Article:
Log4Net – Logging for .NET

Before I was thinking of rewriting my own logging for my application but after having a careful thought, I decided just to get one from NuGet package instead of reinventing the wheel. I heard a lot about Log4Net and decided to try that out. It’s really simple to get this logging up and running on your application

This is what you need to do:

1. install Log4Net from NuGet

2. Modify your web.config to add a new section and new configuration – In this case, I decided to use FileLogger. but you can have different type logger if you want (e.g event log, console, etc) or you can even build your own one that implemented ILog, this configuration allow you to create a new log file when the log file already reached the limit

Code Snippet
  1. <configSections>
  2.     <section name=log4nettype=log4net.Config.Log4NetConfigurationSectionHandler, log4net />
  3.   </configSections>
  4.   <log4net>
  5.     <root>
  6.       <levelvalue=DEBUG />
  7.       <appender-ref ref=LogFileAppender />
  8.     </root>
  9.     <appender name=LogFileAppender type=log4net.Appender.RollingFileAppender >
  10.       <param name=Filevalue=C:\\log.txt />
  11.       <param name=AppendToFilevalue=true />
  12.       <rollingStyle value=Size />
  13.       <maxSizeRollBackups value=10 />
  14.       <maximumFileSize value=10MB />
  15.       <staticLogFileName value=true />
  16.       <layout type=log4net.Layout.PatternLayout>
  17.         <param name=ConversionPattern value=%-5p%d{yyyy-MM-dd hh:mm:ss} – %m%n />
  18.       </layout>
  19.     </appender>
  20.   </log4net>

3. Code implementation – in this case I decided to register it in my global container and retrieve it later. You need to call log4net.Config.XmlConfigurator.Configure in order for Log4Net to get the settings from web.config – This is very important otherwise you will find that there is no log being generated

Code Snippet
  1. protected void Application_Start()
  2.         {
  3.             AreaRegistration.RegisterAllAreas();
  4.             RegisterGlobalFilters(GlobalFilters.Filters);
  5.             RegisterRoutes(RouteTable.Routes);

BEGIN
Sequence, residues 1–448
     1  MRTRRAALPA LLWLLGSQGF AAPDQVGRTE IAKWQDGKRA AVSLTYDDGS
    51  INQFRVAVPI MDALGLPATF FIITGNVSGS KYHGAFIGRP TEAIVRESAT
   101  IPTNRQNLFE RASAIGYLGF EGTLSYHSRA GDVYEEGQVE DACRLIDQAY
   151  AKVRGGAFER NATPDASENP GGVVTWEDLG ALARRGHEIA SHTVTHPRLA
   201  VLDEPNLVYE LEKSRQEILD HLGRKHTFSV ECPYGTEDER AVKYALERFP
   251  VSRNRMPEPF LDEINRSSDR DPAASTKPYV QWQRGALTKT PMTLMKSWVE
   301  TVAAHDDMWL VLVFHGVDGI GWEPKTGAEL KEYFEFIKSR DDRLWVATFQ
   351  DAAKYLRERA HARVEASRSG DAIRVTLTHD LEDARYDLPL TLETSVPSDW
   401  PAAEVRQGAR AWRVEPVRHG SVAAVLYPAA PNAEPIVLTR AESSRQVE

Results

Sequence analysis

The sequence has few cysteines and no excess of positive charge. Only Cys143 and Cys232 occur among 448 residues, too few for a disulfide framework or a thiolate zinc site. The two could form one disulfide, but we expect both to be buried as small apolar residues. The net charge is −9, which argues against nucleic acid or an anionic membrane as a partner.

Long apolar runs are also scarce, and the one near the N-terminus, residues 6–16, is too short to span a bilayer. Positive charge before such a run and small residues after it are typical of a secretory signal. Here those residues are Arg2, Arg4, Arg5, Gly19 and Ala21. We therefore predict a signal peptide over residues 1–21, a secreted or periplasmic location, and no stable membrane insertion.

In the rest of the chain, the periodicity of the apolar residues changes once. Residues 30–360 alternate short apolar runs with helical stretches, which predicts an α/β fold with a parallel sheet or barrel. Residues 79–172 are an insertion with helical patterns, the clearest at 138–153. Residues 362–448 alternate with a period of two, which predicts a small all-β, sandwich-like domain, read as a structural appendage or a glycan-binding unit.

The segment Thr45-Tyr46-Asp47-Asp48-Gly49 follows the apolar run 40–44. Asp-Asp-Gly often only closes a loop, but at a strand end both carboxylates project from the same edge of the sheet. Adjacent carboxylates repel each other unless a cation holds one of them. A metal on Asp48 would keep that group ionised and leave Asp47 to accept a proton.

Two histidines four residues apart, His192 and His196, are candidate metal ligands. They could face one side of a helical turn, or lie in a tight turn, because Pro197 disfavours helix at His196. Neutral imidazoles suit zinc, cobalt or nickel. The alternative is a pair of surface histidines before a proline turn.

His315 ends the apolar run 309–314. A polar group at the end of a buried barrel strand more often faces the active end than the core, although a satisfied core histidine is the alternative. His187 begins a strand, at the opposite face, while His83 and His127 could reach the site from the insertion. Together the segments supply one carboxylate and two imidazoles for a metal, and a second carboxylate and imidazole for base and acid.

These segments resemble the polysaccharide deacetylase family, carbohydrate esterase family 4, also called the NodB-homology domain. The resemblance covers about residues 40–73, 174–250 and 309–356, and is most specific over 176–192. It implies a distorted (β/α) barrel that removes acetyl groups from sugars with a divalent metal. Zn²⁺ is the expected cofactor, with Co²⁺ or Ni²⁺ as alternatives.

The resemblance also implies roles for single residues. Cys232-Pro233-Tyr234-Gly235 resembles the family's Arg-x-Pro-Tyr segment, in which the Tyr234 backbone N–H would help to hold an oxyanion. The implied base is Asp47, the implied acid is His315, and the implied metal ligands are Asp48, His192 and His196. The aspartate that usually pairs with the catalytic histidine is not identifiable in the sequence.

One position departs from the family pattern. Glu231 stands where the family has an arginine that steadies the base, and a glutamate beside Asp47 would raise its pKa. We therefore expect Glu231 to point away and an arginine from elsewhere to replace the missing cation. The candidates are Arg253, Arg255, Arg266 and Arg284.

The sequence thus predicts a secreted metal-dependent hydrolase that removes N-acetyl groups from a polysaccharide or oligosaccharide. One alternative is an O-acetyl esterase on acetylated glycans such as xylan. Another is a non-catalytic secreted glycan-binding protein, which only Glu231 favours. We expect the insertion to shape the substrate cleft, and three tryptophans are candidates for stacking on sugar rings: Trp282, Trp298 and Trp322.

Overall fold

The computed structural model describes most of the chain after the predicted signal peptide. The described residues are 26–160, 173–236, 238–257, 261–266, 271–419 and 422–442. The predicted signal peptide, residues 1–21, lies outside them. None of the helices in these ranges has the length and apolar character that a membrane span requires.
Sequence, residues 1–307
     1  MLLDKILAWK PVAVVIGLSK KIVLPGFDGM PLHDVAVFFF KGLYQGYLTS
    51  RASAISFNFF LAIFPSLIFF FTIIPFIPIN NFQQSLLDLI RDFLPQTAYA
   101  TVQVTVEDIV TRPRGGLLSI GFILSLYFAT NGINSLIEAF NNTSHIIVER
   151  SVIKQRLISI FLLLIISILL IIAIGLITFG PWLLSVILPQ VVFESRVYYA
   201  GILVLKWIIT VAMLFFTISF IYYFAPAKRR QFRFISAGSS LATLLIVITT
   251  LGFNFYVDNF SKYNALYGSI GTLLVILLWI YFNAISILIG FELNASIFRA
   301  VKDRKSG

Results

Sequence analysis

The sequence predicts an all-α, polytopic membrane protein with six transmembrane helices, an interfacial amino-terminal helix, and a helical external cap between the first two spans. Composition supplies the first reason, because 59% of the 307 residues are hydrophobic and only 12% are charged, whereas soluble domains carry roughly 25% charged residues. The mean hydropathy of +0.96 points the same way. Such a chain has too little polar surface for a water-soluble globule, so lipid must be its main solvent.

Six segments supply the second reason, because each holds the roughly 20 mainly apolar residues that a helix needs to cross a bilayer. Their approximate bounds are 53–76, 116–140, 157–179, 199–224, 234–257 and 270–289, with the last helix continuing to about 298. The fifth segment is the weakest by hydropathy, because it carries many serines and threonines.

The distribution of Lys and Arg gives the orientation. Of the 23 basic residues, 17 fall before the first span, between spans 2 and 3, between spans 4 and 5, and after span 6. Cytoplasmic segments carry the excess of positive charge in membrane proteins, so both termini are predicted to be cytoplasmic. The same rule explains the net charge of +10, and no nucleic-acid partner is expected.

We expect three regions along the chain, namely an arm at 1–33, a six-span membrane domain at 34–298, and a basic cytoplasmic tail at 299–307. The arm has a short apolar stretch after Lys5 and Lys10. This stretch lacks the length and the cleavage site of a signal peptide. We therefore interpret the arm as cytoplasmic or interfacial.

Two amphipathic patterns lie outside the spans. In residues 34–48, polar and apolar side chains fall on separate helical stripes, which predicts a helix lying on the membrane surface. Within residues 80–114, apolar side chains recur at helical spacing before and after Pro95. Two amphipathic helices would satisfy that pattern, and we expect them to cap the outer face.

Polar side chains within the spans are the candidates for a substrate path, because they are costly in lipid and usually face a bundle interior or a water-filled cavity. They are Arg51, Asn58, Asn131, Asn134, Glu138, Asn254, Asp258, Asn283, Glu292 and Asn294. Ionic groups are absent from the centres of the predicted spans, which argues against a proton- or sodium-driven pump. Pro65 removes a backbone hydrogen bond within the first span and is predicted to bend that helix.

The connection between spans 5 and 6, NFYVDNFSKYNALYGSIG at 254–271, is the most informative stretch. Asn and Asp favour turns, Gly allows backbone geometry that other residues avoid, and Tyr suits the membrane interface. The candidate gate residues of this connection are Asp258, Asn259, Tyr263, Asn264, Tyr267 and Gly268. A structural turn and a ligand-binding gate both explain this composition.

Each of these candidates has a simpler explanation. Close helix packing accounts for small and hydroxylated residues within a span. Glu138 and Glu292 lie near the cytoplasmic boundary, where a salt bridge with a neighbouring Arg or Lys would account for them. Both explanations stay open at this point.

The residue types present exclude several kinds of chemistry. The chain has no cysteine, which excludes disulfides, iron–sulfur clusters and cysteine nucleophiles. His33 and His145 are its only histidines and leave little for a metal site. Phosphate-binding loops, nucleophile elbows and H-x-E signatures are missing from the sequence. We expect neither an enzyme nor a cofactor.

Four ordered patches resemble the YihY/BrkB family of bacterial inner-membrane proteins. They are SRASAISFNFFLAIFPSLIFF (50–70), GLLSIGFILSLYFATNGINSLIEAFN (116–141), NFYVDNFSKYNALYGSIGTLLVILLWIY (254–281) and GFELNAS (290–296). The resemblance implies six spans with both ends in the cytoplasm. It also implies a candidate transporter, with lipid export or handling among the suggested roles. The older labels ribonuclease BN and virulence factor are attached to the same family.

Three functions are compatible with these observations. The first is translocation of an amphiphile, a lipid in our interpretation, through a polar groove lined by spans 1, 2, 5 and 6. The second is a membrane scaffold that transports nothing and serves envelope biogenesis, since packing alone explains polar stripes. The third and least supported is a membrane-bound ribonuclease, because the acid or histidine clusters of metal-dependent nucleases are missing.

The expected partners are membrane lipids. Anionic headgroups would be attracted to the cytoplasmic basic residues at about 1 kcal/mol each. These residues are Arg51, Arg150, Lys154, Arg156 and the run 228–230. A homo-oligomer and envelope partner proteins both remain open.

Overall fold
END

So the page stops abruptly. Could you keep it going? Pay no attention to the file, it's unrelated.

6.             BundleTable.Bundles.RegisterTemplateBundles();
  7.             RegisterDependency();
  8.         }
  9.         #region “Dependency Injection”
  10.         private static Container Container;
  11.         public static T GetInstance<T>() where T : class
  12.         {
  13.             return Container.GetInstance<T>();
  14.         }
  15.         protected void RegisterDependency()
  16.         {
  17.             //Create a main containers
  18.             var container = new Container();
  19.             // 2. Configure the container (register)
  20.             container.RegisterPerWebRequest<IUnitOfWork>(() => new UnitOfWork(new PosDataContext()));
  21.             //Register logger
  22.             log4net.Config.XmlConfigurator.Configure();
  23.             container.Register<ILog>(() => log4net.LogManager.GetLogger(typeof(MvcApplication)));
  24.             container.Verify();
  25.             Container = container;
  26.         }
  27.         #endregion

calling the logger from my code (controller in this context)

Code Snippet
  1. public ActionResult Index()
  2.         {
  3.             ViewBag.Message = “Menu”;
  4.             MvcApplication.GetInstance<ILog>().Info(“Test Info”);
  5.             MvcApplication.GetInstance<ILog>().Error(“Test Error”);
  6.             MvcApplication.GetInstance<ILog>().Debug(“Test Debug”);
  7.             return View();
  8.         }

PS: if you want to implement your own logger, then I’d recommend you to have your logger to implement ILog interface and change it through web.config but don’t wrap/call Log4Net inside your custom logger because you don’t want to limit the rich functionality of Log4Net with your custom logger

Another tips, is when you started to add logging in your application then there should be some performance overhead eventhough it is minor. In the example below MyFunctionOutput function will still be called eventhough you disabled the logging on the config, in order to make sure the debugging code only executed

Code Snippet
  1. MvcApplication.GetInstance<ILog>().Debug(“My Function Output:” + MyFunctionOutput());

When you want to have the debug/logging omitting the log whenever the logging is enabled then you can wrap around the logging with this property (there are another properties IsErrorEnabled, IsInfoEnabled, etc)

Code Snippet
  1. if (MvcApplication.GetInstance<ILog>().IsDebugEnabled)
  2.             {
  3.                 MvcApplication.GetInstance<ILog>().Debug(“My Function Output:” + MyFunctionOutput());
  4.             }

2 thoughts on “Log4Net – Logging for .NET

    1. Just looked at it and will try that, seems more interesting than log4net

      apart from that, do you know is there any .NET handler that can intercept any exception without requiring code changes? e.g let’s say website is down and no logging, etc can I just plug ELMAH and get the exception?Because It is AXD which is HTTP handler then I assume it should be able to trap some error right without making changes to the code?

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